With over 1,500 titles in print, Phaidon Press is one of the leading international art book publishers. But that wasn’t the original goal. When Dr. Bela Horovitz and Ludwig Goldscheider founded the press in Vienna in 1923, they wanted to publish literature, philosophy, and history. One of its first books published was a German edition of Plato's works. Horovitz and Goldscheider were so passionate about those particular markets, they named the press Phaidon, the German translation of the English term for Phaedo, a pupil of Socrates and speaker on the immortality of the soul in Plato's dialogue.
Since its beginning, Phaidon has had two guiding principles: value and design. Horovitz focused on value with the aim of delivering quality books at affordable prices while Goldscheider geared design toward elegant layouts and beautiful productions. In the 1930s, the first Phaidon art books were published: Justi’s Velázquez and Raphael and Michelangelo, both by Grimm. The concept of the classic Phaidon book — large-format with high-quality plates —debuted in 1937 with the publication of texts on Van Gogh, Botticelli and the French Impressionists. Horovitz, a pioneer of the international co-edition, chose to produce these freshly commissioned titles for both the British and American markets.
As a result of the Nazi occupation of Vienna, Horovitz moved the company to England, thanks largely in part to British publisher Sir Stanley Unwin, who managed to outwit the German authorities and continue publishing. (Unwin provides a detailed account of this endeavor in his autobiography, The Truth about a Publisher.) Thus, George Allan and Unwin Ltd. distributed Phaidon books for the next fourteen years, a span which includes the publication of Ernst Gombrich’s The Story of Art (1950), a one-volume survey of the history of art. Surpassing 7 million copies sold, Gombrich’s work became one of the best-selling art books of all time, having been translated into over 30 languages with more than 16 English-language editions alone.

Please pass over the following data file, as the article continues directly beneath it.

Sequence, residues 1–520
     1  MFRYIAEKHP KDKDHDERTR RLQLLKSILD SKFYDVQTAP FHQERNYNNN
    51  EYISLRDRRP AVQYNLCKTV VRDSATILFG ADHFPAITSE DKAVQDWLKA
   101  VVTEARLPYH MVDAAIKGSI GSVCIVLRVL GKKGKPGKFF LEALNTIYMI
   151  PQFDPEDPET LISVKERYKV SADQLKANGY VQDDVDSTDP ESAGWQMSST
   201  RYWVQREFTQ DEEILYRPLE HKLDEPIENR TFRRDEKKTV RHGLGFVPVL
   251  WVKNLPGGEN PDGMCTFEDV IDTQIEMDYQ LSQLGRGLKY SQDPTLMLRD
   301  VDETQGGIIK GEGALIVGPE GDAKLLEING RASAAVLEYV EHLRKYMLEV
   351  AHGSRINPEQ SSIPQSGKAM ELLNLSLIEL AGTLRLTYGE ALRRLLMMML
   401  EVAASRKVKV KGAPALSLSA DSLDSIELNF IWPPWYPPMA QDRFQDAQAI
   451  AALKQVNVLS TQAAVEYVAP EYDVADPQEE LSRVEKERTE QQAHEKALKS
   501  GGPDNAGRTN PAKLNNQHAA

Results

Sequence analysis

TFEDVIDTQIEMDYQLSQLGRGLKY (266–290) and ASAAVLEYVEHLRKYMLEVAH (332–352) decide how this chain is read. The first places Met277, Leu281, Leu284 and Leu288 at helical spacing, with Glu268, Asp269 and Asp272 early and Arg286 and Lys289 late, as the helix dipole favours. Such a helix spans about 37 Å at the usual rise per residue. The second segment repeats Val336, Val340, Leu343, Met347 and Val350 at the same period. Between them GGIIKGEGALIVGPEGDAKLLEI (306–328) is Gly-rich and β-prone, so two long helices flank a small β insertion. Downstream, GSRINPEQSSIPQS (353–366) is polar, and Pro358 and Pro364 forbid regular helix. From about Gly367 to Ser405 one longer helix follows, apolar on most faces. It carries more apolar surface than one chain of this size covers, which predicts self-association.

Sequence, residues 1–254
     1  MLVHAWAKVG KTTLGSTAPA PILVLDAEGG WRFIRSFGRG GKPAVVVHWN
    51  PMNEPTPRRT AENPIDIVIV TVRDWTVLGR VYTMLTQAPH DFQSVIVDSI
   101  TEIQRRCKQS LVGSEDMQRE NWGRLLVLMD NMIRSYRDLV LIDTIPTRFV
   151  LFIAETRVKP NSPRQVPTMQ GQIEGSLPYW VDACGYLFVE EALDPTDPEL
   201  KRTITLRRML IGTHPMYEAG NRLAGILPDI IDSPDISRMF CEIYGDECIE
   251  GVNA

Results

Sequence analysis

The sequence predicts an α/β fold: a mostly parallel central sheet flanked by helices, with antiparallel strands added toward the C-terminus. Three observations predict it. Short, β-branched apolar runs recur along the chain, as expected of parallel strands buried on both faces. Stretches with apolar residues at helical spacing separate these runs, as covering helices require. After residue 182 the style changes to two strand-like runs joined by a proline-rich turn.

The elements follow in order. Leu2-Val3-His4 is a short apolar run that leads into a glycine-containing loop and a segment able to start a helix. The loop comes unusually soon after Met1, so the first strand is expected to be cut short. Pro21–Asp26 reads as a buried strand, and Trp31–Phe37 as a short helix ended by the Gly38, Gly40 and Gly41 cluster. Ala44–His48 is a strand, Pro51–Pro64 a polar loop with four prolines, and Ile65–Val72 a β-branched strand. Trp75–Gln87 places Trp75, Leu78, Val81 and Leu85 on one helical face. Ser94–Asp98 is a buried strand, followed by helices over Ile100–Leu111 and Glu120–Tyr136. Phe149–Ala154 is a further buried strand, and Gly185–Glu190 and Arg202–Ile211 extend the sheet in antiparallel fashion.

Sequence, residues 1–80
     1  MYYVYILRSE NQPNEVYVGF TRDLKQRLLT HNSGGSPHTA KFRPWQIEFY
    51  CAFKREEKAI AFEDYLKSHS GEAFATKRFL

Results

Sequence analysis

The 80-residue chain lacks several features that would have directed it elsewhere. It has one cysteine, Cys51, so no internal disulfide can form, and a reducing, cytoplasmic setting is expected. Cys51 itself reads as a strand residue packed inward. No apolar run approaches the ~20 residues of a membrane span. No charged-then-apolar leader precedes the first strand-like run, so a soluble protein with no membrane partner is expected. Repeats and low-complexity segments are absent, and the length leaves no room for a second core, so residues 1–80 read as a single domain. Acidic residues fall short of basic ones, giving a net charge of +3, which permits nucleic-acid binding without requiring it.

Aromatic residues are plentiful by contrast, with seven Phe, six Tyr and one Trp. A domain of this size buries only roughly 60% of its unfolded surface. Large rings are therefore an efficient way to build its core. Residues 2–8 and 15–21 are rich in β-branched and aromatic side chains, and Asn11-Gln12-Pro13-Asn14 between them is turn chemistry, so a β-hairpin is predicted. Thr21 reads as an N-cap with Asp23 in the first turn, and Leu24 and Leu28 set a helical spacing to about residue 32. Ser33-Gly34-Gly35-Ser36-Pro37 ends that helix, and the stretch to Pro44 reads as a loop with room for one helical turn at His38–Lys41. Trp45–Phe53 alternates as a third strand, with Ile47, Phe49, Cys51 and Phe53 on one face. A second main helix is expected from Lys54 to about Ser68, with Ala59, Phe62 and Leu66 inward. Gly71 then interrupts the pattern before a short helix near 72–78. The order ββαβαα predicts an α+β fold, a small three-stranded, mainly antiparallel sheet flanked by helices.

In 1951, Phaidon issued its first Colour Plate book — which, for the first time, allowed artists’ work to be made readily available in color at an affordable price. Horovitz died suddenly in New York in 1955, leaving his son-in-law, Harvey Miller, in charge of the press. Miller expanded the Colour Plate (now Colour Library) series, though Phaidon was sold to Frederick Praeger Inc, a subsidiary of Encyclopaedia Britannica, in 1967. Less than a decade later, Praeger sold the press to Elsevier, a deal that led to expansion and diversification for Phaidon.
Following an unfulfilled buy-out negotiation in 1981, Phaidon Press was acquired by Richard Schlagman, an entrepreneur who aimed to re-establish the company as the leading publisher of art books. In 1991, the Phaidon offices finally returned to London and the press began refocusing on its two original guiding principles: value and design. During this time, Phadion republished Sir John Pope-Hennessy's Introduction to Italian Sculpture (1996). The press exchanged hands yet again in 2012 when it was purchased by Leon and Debra Black with the intention of branching out into food and children’s markets. Phaidon had previously dabbled in the food market, publishing their English translation of the Italian Il cucchiaio d'argento (The Silver Spoon) in 2006, which was then followed by the French and German editions.
Phaidon headquarters are now in London with offices in New York, Paris, Berlin, Madrid, Milan, and Tokyo as well. Focusing on books on art, photography, design, architecture, fashion, food and travel, and illustrated books for children, the powerhouse publisher sells in over 100 countries and publishes books in English, French, Spanish, Japanese, and German (with an increasing number of publishing partners in further languages).
First editions from Phaidon Press either have “First Published (Year)” on the copyright page or have no additional printings listed.